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Where Most Disruptors Ultimately Fall Short: Scaling Out Their Value Proposition

(This post originally appeared on LinkedIn here)

Disruptors enter the market with a Minimum Viable Product (MVP) addressing the business goals of early-stage Economical Buyers with a revolutionary approach. They are on a mission to disrupt an entire value chain, eliminating or at least replacing Incumbents currently controlling them.


More often than not they miserably fail for reasons ranging from inadequate business models and technological hurdles to financial constraints, but ever so often some make it into the mainstream market and become cash-flow positive.


Now the game changes: The Incumbents’ value chain was successfully destroyed and a new one must be built. Consequently, the focus must shift from disrupting to scaling!


This scaling has a quantitative and a qualitative dimension: The Disruptor must constantly remove adoption blockers by growing their sales and delivery organization, building a partner ecosystem, improving ease of doing business for prospects and customers. And most Disruptors do well in this, but they ignore the qualitative dimension.


Mainstream customers have Strategic Alliances with Incumbents and won’t leave these unless they can enter into a new one. Unlike Product relationships on department level, Strategic Alliances are decided on executive level and usually involve a number of CXOs. They are based on a joint, executive level vision, of symbiotic nature, and improve the customer’s value proposition to their customers.


The moment Incumbents accept the eventual invalidation of their value chain they will strike back against the Disruptor, not on Product level (by then they don’t have one), but on Solution or Strategic Alliance level. In other words: They raise the game to a level they already played on for years, leveraging their existing, well-established communication channels on executive level and their ecosystem (which by then also started to feel the heat).


In executive level conversations they will express their appreciation for the new, non-traditional value proposition the Disruptor brings to the table, but then highlight the fact that they are unproven and their organization too immature for a relationship on Strategic Alliance level.


Now the Disruptor is at an inflection point, often completely unaware of it!


They realize that something is changing. Customers start to issue large and complex RfPs, asking for long-term commitments, influence on the roadmap, and even binding obligations putting the Disruptor at the risk of penalties.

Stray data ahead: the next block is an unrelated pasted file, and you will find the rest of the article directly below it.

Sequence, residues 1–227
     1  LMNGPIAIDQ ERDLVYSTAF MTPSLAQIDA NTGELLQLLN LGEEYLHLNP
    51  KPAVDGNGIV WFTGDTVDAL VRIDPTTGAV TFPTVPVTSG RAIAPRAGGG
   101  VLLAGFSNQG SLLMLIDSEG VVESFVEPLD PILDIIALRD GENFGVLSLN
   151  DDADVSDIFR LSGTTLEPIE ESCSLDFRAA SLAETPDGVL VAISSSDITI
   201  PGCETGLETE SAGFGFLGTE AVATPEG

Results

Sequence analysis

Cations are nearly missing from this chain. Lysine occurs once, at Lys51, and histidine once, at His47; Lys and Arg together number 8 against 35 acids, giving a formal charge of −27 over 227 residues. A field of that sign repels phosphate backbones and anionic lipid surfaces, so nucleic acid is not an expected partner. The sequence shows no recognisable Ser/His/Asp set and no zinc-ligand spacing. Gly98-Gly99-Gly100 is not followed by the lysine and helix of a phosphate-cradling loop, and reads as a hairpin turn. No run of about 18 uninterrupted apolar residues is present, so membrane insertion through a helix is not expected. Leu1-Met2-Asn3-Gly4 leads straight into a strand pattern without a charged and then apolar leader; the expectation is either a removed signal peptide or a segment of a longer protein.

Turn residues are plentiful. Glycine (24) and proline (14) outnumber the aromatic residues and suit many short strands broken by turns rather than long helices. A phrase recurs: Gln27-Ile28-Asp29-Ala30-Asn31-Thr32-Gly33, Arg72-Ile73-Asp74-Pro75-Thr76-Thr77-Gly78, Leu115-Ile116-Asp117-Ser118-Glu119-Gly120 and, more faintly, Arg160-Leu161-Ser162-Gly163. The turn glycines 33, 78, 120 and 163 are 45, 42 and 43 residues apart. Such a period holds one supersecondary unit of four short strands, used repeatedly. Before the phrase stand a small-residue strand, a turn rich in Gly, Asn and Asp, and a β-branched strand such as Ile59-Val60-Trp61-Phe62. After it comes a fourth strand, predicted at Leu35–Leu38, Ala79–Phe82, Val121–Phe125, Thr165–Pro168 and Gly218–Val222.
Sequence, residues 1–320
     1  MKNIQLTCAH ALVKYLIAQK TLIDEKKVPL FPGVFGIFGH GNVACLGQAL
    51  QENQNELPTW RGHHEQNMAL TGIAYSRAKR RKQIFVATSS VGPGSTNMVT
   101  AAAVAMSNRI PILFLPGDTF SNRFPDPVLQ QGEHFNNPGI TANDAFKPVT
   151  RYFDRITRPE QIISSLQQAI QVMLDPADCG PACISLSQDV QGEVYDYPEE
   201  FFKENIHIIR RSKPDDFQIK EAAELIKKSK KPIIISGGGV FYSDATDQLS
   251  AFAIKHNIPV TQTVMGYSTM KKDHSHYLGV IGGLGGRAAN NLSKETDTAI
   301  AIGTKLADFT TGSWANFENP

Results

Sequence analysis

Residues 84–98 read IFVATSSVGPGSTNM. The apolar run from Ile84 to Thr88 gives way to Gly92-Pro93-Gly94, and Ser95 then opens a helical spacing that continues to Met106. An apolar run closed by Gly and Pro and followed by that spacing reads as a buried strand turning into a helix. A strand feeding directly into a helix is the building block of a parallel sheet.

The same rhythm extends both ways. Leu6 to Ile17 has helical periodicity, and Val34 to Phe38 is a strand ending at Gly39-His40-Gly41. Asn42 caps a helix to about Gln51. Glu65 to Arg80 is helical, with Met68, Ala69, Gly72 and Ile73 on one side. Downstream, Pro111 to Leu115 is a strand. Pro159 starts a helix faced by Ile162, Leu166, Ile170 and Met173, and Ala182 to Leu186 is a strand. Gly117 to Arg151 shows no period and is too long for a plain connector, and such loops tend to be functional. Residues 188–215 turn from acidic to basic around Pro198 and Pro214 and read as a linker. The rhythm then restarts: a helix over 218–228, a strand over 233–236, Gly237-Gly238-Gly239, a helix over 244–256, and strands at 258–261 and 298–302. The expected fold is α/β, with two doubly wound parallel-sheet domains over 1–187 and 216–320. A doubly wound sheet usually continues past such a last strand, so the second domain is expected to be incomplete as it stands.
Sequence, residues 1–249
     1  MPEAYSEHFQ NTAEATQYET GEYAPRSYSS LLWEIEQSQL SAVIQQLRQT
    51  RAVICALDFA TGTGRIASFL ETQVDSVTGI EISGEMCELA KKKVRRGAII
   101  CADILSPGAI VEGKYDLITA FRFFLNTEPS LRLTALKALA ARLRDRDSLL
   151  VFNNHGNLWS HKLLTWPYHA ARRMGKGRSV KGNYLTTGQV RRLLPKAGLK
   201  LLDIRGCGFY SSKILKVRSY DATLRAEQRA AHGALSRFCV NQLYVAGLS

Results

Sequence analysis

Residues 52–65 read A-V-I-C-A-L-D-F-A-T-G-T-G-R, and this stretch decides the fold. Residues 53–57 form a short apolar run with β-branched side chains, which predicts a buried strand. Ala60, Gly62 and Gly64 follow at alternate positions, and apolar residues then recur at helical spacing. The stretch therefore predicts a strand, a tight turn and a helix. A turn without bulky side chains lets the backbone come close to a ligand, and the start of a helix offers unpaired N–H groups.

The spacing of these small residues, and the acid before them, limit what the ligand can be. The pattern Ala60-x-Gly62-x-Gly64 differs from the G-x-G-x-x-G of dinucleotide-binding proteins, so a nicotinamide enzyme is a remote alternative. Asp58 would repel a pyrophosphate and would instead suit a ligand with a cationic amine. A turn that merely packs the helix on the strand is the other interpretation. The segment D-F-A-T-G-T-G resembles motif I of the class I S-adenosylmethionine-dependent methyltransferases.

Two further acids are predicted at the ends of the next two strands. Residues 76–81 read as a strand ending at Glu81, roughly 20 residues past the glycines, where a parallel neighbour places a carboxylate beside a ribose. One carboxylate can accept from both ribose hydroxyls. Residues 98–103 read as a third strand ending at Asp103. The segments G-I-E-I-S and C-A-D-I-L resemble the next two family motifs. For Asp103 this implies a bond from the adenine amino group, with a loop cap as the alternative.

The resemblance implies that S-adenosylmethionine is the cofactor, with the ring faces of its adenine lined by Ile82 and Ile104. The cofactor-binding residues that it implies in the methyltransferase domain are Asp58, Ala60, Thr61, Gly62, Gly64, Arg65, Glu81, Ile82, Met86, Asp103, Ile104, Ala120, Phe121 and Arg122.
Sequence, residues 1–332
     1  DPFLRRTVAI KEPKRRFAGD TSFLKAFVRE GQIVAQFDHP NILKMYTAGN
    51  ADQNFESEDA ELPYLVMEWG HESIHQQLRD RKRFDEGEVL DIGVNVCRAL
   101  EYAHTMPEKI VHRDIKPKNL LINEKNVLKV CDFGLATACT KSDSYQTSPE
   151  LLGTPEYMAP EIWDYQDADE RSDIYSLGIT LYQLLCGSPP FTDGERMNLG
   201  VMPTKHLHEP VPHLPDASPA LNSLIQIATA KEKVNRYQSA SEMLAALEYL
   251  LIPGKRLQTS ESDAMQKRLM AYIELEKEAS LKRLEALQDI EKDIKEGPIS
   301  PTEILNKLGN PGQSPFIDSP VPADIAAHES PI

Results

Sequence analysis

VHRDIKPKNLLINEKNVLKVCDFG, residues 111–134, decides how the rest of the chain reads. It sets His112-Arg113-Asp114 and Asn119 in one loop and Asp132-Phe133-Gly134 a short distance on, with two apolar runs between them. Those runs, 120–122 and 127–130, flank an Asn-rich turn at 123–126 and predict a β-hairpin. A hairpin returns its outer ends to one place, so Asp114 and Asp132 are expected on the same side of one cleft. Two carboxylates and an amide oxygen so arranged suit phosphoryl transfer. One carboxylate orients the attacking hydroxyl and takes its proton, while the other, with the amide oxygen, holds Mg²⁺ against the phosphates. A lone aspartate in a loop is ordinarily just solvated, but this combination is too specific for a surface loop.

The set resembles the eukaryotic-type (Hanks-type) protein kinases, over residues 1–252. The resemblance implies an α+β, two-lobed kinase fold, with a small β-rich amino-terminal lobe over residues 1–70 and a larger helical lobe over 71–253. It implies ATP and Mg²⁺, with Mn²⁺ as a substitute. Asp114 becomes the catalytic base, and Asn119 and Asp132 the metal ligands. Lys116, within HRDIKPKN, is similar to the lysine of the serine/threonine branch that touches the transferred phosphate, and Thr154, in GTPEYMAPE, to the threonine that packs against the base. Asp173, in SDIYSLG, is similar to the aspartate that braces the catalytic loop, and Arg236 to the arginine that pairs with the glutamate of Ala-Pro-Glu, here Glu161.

Incumbents show up in sales cycles Disruptors never met before. Many of them have no product to build their proposal on, but are willing to commit to building whatever the customer is asking for.


Lastly, customers’ expectations towards discounts and non-billable services literally explode as the Incumbents are willing to subsidize these deals to stay in the game.


All the arguments the Disruptor successfully used so far, e.g., improving customer experience, efficiencies, agility: They are treated as non-differentiating anymore, replaced by financial stability, relationship history, executive alignment, and - most of all - risk minimization.


In other words: The Disruptor doesn’t compete on the level Incumbents raised the game to.


So what is it they must do?


They must prepare themselves for the game to be raised by Incumbents. Instead of disrupting they must start scaling out both their offering as well as their organization’s capabilities all the way up to Strategic Alliance. They must develop and implement strong and reliable engagement models with partners. They must develop processes and skills required to enter into long-term, high-stake, high-risk contracts with very large organizations on a global scale.


What happens if they don’t?


They will not necessarily die, but their growth will slow down and eventually flatten out. Their market share will get stuck in the single digits putting margin pressure on them. Low margins will limit investments into product improvements and geographic expansion. Analysts will qualify them as niche players due to their lack of execution capability.


Incumbents will buy the market with a limited number of highly visible Strategic Alliances. They will screw up a major portion of these because they oversold, but customers will keep this under the sheets to not look stupid. Especially the Late Majority and Laggard customers will follow the “lead” these Strategic Alliances claim to take.


The Disruptor will be left with the long-tail of the market, chasing small ticket deals with low conversion rates. Ultimately they become a walking dead with the best people leaving, easy prey for the next wave of disruption.


By then as an Incumbent.

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